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From wikipedia (http://en.wikipedia.org/wiki/Uniform_convergence), about uniform convergence:

"Augustin Louis Cauchy in 1821 published a faulty proof of the false statement that the pointwise limit of a sequence of continuous functions is always continuous. Joseph Fourier and Niels Henrik Abel found counter examples in the context of Fourier series. Dirichlet then analyzed Cauchy's proof and found the mistake: the notion of pointwise convergence had to be replaced by uniform convergence."

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I have always loved that way Abel wrote this (in a footnote): «it appears to me that this theorem suffers exceptions»... –  Mariano Suárez-Alvarez Dec 15 '09 at 23:49
Some (e.g. A. Robinson) say that this is a mis-interpretation of the situation. When Cauchy says the sequence converges at all points this includes infinitesimals and such things not recognized as real numbers nowadays. Abel's counterexample $\sum (1/n) \sin(nx)$ in fact does not converge at certain points $x$ infinitely close to $0$. We can hardly fault Cauchy if he did not use the notion of real number from Dedekind and Cantor, since that would not come until 50 years later. –  Gerald Edgar Dec 16 '09 at 16:40

Not just a great mistake, but also a great documentation of a mistake: Stallings's How not to prove the Poincare Conjecture. (I think this paper is my answer to every community-wiki question.)

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Whitehead's similar mistake is very interesting, too, as it lead him to the construction of contractible 3-manifolds that aren't balls. –  Ryan Budney Dec 15 '09 at 21:22
There is also a paper by Cartier with a similar title: "Comment l'hypothèse de Riemann ne fut pas prouvée." –  Joël Nov 7 '13 at 14:50

Poincare defined the fundamental group and the homology groups and proved that H _1 was pi _1 abelianized. So the question came up whether there were other groups pi _n whose abelianization would give the H _n. Cech defined the higher pi _n as a proposed answer and submitted a paper on this. But Alexandroff and Hopf got the paper, proved that the higher pi _n were abelian and thus not the solution, and they persuaded Cech to withdraw the paper. Nevertheless a short note appeared and the pi _n started to be studied anyway...

Taken from http://www.intlpress.com/hha/v1/n1/a1/ ,page 17

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Supposedly Stefan Bergman attended a course on orthogonal functions while an undergraduate, and misunderstood what he was hearing, believing that the functions were supposed to be analytic. This led him to the Bergman kernel and Hilbert spaces of analytic functions, which has developed into a whole field of study at the junction of complex analysis and operator theory, and also with important ramifications in the more geometric parts of SCV. If the story is true, this was certainly an extremely fruitful mistake!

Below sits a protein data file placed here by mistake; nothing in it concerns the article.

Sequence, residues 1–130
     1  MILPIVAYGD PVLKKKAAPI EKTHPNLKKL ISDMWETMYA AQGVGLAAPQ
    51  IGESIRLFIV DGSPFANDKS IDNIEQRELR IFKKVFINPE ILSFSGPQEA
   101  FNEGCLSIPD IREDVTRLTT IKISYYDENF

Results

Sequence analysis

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Steiner's count 7776 of the number of the number of plane conics tangent to 5 general plane conics certainly deserves a mention here. He gave this answer in 1848, and it wasn't fixed until 1864, when Chasles pointed out the error and came up with the correct value of 3264. You can regard this as the first recognition of needing appropriate compactifications in order to do valid calculations in enumerative geometry.

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Hilbert's program, whose development was induced by on assumptions shattered by Goedel.

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Goodrick's "story from Grad school" is incorrect. According to Ronald Jensen, the set theorist in question, he felt that the concept was important enough that it deserved a name which had not already been used elsewhere in mathematics. And 'mice' was it. (Also, note that 'mice' is a noun, and 'nice' is an adjective --- it would not make sense.)

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But the urban legend is so funny... –  Ilya Nikokoshev Oct 19 '09 at 20:02
I have heard 3 versions of the origin of the name. They all originated with Jensen, and were told at a rate of one per decade. Last I checked, he actually does not seem to remember the reason for the name. –  Andres Caicedo Oct 26 '10 at 4:52

Samuel I. Krieger made many attempts at significant contributions to the field of mathematics, unfortunately some of his efforts did not pan out.

In 1934, he claimed that the 72-digit composite number 231,584,178,474,632,390,847,141,970,017,375,815,706,593,969,331,281,128,078,915,826,259,279,871 was the largest known prime number.